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Prep work and construction only took a couple of days…..just as the start of our wet, wet, wet summer hit. Within 2 hours of completion, a summer flash flood put just as much water over it as an average winter spate. Typical, but a good test of our work. Nothing appeared to move. As you can see in the images above, under low flows prior to the works, a thin flume of water cascaded to the pool below. The rock ramp was designed to drown out’ the ford ensuring sufficient depth at all times for fish passage and giving multiple pathways for ascending.

With more water over the ford’ since, as it were, I decided to put a few more large boulders towards the tail of the ramp and dispersed further down the channel to stabilise it even more and to increase the hydraulic roughness. Adaptive management.…

So… was it the how’ and did the fish cross the road (ford)?

Prior to securing the funding, I’d been using standardised annual electrofishing to monitor the fish community and specifically the trout population (of course), since 2017. The beck was one of several controls’ against which I could compare other waterbodies where I had made interventions to improve habitat. From these data, it was clear that brown trout and bullhead managed to sustain populations upstream of the ford, but stone loach and brook lamprey were never recorded above, only below, and the loach there in great numbers. 

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Three months after the rock-ramp was completed, the annual survey was due. To my delight, we encountered a handful of mature stone loach in the first reach upstream of the ford for the first time in seven years of surveys which suggested that we have definitely improved fish passage.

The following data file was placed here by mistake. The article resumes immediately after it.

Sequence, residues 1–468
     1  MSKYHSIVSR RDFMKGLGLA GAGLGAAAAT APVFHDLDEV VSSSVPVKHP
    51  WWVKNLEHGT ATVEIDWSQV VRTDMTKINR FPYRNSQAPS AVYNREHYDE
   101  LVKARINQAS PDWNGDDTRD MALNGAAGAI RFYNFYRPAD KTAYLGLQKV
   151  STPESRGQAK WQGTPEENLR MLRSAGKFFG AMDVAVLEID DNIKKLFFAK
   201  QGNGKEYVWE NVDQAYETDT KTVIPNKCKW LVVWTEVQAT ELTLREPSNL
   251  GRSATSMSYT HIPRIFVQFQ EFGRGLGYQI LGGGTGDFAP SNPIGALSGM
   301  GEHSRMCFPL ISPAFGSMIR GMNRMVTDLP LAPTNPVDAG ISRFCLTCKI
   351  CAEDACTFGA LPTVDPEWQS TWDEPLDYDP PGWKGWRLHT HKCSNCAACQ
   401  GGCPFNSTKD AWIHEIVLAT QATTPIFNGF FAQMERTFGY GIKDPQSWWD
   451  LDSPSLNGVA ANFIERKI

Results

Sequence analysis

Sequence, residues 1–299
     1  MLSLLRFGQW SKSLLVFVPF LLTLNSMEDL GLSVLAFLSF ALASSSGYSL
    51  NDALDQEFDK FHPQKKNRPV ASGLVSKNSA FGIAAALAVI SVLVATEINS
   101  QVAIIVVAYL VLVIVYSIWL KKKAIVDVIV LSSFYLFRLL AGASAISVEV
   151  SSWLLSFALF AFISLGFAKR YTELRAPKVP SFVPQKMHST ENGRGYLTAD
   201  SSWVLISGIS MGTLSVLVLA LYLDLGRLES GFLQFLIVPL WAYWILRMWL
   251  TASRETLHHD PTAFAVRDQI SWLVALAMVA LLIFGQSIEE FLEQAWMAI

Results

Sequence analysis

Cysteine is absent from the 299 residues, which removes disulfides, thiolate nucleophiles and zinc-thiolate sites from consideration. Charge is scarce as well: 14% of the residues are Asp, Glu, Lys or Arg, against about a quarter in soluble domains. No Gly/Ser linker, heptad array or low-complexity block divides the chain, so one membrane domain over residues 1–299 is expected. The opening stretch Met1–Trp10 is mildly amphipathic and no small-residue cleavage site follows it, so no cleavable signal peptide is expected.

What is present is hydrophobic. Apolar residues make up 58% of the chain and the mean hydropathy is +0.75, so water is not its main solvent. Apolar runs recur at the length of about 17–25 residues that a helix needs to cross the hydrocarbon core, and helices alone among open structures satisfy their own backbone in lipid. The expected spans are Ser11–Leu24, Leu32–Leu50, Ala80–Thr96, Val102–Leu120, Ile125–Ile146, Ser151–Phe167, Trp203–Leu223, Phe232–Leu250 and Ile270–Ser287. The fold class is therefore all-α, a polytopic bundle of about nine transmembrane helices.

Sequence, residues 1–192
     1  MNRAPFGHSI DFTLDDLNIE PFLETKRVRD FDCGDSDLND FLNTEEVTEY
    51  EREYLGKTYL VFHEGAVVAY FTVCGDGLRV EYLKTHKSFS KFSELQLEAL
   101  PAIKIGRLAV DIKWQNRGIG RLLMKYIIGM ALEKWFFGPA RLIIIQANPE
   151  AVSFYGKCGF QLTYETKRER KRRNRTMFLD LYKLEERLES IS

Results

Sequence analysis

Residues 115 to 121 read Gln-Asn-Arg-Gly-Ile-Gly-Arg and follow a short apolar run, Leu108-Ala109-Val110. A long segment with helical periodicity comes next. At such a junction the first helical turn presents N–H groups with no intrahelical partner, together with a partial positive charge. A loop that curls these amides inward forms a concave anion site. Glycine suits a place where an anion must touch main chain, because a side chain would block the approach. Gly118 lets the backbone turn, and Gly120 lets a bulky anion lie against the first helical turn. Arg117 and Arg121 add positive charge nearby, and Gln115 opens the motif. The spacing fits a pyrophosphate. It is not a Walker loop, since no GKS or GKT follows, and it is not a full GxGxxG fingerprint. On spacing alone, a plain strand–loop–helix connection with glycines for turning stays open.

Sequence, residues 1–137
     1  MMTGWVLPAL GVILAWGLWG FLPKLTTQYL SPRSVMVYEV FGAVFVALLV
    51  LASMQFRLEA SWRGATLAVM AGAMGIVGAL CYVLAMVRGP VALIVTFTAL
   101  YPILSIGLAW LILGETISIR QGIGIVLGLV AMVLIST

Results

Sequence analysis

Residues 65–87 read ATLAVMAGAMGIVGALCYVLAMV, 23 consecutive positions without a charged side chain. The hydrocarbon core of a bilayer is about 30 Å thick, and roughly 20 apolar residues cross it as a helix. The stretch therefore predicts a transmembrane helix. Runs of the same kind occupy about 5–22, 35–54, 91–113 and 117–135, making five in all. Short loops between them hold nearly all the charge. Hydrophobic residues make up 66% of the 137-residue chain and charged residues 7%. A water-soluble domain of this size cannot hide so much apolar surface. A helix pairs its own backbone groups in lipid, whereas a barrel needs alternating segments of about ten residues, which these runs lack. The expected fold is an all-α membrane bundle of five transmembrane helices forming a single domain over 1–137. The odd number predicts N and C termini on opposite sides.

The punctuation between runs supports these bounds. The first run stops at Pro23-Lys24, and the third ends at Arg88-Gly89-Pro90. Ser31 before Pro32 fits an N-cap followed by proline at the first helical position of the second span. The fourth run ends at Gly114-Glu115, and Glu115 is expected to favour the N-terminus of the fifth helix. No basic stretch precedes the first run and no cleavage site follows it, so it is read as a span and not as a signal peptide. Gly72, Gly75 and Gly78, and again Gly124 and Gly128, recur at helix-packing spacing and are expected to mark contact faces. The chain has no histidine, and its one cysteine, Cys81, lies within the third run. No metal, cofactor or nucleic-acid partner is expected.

It was also particularly gratifying to see that numbers of young-of-year trout were up markedly as well – less likely directly associated with fish passage per se but more a reflection of the improvement in spawning and fry habitat. In the figure below, it is clear to see that the YOY trout numbers in Lothersdale Beck effectively flatlined from 2017 to 2022 prior to any works, but were almost 3x higher after improvements. Early days but I’m hopeful, given the trajectory of the TRoUT project sites (also in the figure) that numbers will be even better in 2024.

Love for Lothersdale Beck was primarily funded by a Biodiversity Enhancement Programme award to WTT from Yorkshire Water, with support from the Upper Aire Project and the West Yorkshire Branch of Salmon & Trout Conservation. It could not have progressed without the vision and support of the two landowners, the tenant farmer, and without a host of volunteer help from village residents (Wild About Lothersdale).

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Proportional change in young-of-year trout abundance for control and project beck sites